So, Cersei leaks to the High Sparrow that Loras Tyrell enjoys the company of other men and quicker than you can say George Boleyn, he is rounded up by the Sparrows along with anything else they deem sinful, including the vices of alcohol and prostitution. Undoubtedly paintings and sculptures are next…
Cersei may sure be showing Margaery up, but assuming that she can even control the newly emboldened High Sparrow, she also is publicly weakening her son’s claim. Poor, poor sweet Tommen. All he wants to do is sail around the world with Margaery in his bed. Cersei has put an end to that honeymoon, but she also made her son look like a limp-wristed fool in front of all of King’s Landing too after he attempted to enter the Great Sept of Baelor (as per Cersei’s advice) and got turned away by the fanatics at the door.
Cersei is smugly happy to purr about shrinking the Small Council to Qyburn, but she is also insulating herself with her son without the strong arm of Kevan Lannister propping them up. And now the High Sparrow looks to be on a higher perch than her son in running things. Meanwhile, not only is winter coming, but so too is Stannis Baratheon. Not smart, Cersei—not that I’d expect anything less.
Speaking of Stannis, things at the Wall progressed by inches when Stannis continued to redeem his good name with a touching moment between himself and Shireen. There is not much to tell about this story other than it was a genuinely beautiful moment of reprieve from the usual grim ugliness in Martin’s world. Brittle Stannis was told by his advisors to banish his daughter to a horrible death with the “Stony Men” (lepers) in the ruins of Old Valyria, and the one true rightful heir refused to let her die. It took them four seasons, but Stannis Baratheon is finally the mercurial badass and enigma that some book fans love—and I at least respect.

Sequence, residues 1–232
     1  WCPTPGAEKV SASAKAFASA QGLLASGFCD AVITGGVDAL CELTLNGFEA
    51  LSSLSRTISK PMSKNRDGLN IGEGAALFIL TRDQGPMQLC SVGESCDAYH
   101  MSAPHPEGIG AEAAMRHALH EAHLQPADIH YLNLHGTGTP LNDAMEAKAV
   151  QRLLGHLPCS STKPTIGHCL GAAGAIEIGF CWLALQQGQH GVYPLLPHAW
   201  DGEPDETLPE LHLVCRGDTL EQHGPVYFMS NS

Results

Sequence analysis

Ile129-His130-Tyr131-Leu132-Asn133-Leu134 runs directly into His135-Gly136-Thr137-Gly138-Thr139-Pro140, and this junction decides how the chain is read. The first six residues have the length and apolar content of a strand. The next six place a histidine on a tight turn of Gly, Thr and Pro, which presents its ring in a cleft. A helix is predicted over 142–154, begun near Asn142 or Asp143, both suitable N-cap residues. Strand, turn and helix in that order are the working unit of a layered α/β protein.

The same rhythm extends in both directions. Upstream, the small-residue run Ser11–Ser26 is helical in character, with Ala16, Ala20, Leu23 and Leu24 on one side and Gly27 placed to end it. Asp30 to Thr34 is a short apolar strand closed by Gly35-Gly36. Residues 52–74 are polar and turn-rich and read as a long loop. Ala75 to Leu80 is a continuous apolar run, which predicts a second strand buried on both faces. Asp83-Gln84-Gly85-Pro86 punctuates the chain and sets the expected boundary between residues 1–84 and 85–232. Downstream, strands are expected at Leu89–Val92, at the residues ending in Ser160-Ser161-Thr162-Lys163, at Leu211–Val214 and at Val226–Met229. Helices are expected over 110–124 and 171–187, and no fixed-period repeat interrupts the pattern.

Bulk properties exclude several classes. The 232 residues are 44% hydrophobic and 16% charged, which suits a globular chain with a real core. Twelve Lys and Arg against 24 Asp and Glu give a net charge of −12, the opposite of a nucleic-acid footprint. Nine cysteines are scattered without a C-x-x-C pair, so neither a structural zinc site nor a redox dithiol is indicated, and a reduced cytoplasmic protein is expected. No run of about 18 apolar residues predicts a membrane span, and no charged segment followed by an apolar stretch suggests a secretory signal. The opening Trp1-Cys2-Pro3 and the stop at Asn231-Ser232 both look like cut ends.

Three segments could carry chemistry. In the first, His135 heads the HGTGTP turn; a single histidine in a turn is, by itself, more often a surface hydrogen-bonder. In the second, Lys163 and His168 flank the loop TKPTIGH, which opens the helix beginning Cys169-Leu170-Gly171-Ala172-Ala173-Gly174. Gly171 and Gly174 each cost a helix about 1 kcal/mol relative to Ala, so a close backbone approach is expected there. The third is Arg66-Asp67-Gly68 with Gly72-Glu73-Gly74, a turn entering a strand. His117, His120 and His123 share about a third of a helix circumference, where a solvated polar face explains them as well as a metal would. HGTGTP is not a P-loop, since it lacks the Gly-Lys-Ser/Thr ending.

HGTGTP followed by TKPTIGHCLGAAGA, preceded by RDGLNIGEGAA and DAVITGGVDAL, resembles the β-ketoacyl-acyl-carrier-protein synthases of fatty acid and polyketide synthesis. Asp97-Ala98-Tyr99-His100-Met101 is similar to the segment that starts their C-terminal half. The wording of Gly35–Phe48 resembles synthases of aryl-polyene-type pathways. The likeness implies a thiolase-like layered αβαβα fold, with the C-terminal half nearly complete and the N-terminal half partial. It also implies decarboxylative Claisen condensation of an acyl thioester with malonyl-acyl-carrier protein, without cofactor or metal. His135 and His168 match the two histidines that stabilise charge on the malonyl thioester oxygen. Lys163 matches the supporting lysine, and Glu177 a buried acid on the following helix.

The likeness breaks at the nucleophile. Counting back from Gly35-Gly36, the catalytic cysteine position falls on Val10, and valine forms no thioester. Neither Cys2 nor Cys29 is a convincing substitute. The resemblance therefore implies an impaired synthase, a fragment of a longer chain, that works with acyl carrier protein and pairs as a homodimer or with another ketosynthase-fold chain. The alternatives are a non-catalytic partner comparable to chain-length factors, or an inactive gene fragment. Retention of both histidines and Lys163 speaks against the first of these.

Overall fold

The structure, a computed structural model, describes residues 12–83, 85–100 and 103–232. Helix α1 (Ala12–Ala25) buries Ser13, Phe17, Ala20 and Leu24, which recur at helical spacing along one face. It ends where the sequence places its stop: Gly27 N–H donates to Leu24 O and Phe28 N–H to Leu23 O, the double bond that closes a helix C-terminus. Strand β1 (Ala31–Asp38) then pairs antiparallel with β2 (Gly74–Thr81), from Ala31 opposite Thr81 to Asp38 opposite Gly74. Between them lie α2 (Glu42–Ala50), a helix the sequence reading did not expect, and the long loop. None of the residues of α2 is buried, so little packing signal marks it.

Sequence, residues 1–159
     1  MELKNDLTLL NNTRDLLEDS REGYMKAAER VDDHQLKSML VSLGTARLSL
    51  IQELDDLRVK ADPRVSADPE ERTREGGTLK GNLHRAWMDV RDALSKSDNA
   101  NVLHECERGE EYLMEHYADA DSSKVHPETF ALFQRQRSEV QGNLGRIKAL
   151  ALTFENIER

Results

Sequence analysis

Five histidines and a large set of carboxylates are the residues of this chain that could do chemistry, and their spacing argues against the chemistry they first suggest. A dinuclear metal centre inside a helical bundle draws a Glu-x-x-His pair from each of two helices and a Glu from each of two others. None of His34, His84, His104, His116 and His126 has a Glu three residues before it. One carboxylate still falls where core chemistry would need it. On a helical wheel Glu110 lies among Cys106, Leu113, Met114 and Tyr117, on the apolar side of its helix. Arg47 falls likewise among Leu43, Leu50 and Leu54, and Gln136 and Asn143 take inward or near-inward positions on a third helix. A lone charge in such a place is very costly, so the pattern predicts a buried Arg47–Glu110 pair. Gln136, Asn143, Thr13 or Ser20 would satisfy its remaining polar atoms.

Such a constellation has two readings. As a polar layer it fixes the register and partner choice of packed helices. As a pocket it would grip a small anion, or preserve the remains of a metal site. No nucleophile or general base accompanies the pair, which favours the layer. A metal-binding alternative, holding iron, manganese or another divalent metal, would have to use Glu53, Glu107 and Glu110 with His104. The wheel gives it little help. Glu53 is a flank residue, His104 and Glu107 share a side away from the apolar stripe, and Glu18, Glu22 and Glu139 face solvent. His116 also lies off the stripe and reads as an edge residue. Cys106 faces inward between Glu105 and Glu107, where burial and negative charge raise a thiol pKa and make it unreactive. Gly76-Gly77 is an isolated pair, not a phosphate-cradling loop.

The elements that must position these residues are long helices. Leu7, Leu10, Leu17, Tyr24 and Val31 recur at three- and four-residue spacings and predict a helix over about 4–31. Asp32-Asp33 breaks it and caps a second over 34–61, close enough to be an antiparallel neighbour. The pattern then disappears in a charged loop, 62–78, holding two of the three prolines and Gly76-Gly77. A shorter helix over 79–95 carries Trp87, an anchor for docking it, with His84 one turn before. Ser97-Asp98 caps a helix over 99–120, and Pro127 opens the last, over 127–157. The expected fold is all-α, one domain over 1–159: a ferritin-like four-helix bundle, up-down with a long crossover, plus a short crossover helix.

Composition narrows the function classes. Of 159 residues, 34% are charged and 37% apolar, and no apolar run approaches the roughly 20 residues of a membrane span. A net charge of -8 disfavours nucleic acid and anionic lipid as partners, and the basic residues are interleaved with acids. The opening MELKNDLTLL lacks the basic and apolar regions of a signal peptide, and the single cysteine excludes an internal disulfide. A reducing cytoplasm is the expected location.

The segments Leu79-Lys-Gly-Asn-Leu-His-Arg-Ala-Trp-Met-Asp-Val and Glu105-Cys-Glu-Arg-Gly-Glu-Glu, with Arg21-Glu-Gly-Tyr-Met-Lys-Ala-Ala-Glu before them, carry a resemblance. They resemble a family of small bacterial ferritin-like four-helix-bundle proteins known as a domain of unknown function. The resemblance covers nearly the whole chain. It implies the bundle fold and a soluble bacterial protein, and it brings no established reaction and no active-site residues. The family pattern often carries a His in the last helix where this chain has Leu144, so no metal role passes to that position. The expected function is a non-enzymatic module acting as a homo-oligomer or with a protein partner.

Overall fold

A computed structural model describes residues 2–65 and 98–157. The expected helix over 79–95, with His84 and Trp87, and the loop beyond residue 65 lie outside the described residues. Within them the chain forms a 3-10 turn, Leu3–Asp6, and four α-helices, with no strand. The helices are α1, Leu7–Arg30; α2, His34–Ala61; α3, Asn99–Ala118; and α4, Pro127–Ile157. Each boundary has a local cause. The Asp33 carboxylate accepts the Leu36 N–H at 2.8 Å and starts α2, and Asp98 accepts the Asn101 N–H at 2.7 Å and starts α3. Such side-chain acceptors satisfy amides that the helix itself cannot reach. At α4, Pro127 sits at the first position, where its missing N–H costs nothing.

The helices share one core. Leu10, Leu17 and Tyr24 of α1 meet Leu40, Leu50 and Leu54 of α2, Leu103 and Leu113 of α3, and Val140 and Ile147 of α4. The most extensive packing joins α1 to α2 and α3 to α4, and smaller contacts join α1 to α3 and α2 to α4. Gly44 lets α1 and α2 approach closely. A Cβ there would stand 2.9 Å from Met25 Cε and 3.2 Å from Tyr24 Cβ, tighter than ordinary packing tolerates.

But if Stannis is not careful, he might lose Melisandre to the next warm body of king’s blood. Continuing to prove that Melisandre needs at least one nude scene per season, the red priestess attempted to woo the Lord Commander, and honestly if she had not disparaged Ygritte’s memory, she probably would have succeeded. We already know that Lord Commander Snow has a specific type, and Melisandre has definitely been kissed more than once by fire. Aye, when he first protests he has a vow, her eye-roll almost sealed his fate to be an oath breaker forevermore.
And he still might be since she seems to know more about Ned Stark’s bastard than she is letting on with her creepily familiar parting quip.
…But is he even really Ned Stark’s bastard? After tonight, the clues are being dropped too heavily to not discuss the well-worn R+L theory. Besides Selmy’s singing of Rhaegar Targaryen’s praises, we also get a wonderful scene between Sansa Stark and Littlefinger deep within the crypts of Winterfell.
It’s a touching moment with Sansa finally paying respect to the many, many dead Starks that reside within. While book fans were likely hoping for a confrontation with another face from her childhood down there before Ned Stark’s tomb—which I suspect we will still see this season—for the time being, we’re instead treated to a strangely bittersweet (and disturbingly perverted) moment between Sansa and her latest untrustworthy benefactor.
Creepy stolen kisses in the dark notwithstanding, it’s an important scene because Littlefinger lets slip that he still recalls the time he saw Rhaegar show favor to Lyanna Stark over his Martell wife. Sansa offers the usual condemnation over Rhaegar’s seeming lust for Lyanna, even kidnapping and raping her as Robert always brooded about. But Littlefinger’s face says it all: “Summer child, you know nothing of Targaryen-Stark romance.” Or for that matter, Jon Snow’s probable parentage…
The scene concludes with Littlefinger informing Sansa that he is leaving her to manipulate Ramsay Bolton (but ever a snow) while he attends to Cersei’s summon from King’s Landing. And honestly, I thought this was another weak moment to an otherwise great scene. Last week, I praised the change of Littlefinger taking Sansa to Winterfell and cementing for himself a piece of the North to go with his potentially temporary claim on the Vale. But this action is in direct defiance of Cersei Lannister because:
1) He is counting on Stannis Baratheon to take the North, which would place him against the Lannisters in the coming second war between the Stag and the Lion.
2) Even if the Boltons win, and Baelish cements his claim for power in the North through Sansa and Ramsay’s marriage, he still will reveal himself as a conspirator in Joffrey’s death since Sansa was rushed out of King’s Landing within moments of the murder and is still wanted dead or dead but with torture by Cersei.